MONTPELIER, Vt. (AP) — The state of Vermont should not try to buy a series of 13 hydroelectric dams on the Connecticut and Deerfield rivers, but should look for ways to work with the eventual owner to buy electricity, a study has said.
The state considered buying the dams more than a decade ago. That interest was rekindled in March when TransCanada said it was trying to sell power generation facilities in the United States. But state officials have since said the purchase price, estimated at $800 million to $1.2 billion would be too steep.
In a report issued Tuesday, the HydroPower Acquisition Working Group, which was tasked with studying the possible purchase, said the cost of the dams and costs associated with preparing a bid made the purchase unfeasible.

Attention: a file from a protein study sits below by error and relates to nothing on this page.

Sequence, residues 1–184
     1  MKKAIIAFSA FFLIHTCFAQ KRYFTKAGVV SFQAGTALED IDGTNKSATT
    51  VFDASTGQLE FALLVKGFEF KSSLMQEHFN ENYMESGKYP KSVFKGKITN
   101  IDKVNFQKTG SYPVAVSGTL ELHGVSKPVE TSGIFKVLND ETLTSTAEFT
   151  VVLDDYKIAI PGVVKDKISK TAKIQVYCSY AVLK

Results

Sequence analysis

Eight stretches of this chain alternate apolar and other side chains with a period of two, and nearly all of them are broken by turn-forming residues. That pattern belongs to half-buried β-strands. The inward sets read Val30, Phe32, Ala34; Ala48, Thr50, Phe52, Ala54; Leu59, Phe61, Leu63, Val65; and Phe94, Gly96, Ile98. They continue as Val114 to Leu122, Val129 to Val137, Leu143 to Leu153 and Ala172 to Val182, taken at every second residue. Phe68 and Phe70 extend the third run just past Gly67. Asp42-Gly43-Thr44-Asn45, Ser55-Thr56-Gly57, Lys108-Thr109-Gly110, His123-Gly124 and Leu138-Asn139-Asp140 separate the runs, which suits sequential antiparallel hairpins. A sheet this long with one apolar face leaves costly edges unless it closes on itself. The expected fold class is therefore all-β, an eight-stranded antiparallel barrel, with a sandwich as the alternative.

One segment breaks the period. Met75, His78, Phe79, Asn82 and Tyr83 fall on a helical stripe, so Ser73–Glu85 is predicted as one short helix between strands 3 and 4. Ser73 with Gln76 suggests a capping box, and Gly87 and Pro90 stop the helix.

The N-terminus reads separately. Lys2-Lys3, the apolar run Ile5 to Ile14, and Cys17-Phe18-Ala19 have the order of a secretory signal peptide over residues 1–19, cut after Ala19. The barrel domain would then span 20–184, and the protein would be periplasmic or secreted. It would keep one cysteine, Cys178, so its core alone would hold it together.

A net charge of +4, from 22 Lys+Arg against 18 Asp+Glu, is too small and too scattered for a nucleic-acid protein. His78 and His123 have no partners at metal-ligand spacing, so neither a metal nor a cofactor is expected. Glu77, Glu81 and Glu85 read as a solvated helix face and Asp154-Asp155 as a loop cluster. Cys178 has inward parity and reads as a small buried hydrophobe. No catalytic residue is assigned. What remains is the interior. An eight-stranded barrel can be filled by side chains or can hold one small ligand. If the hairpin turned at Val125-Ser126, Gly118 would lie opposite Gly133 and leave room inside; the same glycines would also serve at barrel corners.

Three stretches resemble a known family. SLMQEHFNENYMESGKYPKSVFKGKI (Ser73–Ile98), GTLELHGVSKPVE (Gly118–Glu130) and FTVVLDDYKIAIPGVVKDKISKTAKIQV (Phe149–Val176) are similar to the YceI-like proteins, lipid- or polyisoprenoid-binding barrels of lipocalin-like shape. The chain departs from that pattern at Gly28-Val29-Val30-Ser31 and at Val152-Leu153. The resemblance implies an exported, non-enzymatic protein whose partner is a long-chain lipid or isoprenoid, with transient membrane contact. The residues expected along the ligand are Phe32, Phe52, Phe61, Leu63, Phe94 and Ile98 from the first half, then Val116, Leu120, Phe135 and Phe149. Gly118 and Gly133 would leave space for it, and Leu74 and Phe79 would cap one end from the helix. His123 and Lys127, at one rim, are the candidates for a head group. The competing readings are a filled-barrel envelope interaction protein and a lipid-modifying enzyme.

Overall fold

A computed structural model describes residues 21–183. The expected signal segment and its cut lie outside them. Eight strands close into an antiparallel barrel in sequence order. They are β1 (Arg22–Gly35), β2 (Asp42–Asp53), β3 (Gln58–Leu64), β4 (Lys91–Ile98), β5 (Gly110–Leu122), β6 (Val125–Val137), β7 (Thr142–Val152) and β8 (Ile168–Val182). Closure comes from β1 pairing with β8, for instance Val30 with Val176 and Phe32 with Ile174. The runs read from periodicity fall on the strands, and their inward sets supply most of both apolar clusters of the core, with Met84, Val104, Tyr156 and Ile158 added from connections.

The report said the state Department of Public Service should instead approach the eventual owner to determine if there was interest in a long-term power purchase agreement.
Any agreement "would need to clearly provide a benefit to Vermont ratepayers and would need to be pursued in consultation with the state's electric distribution utilities to ensure that such a commitment matches the power supply needs of the utilities," the report said.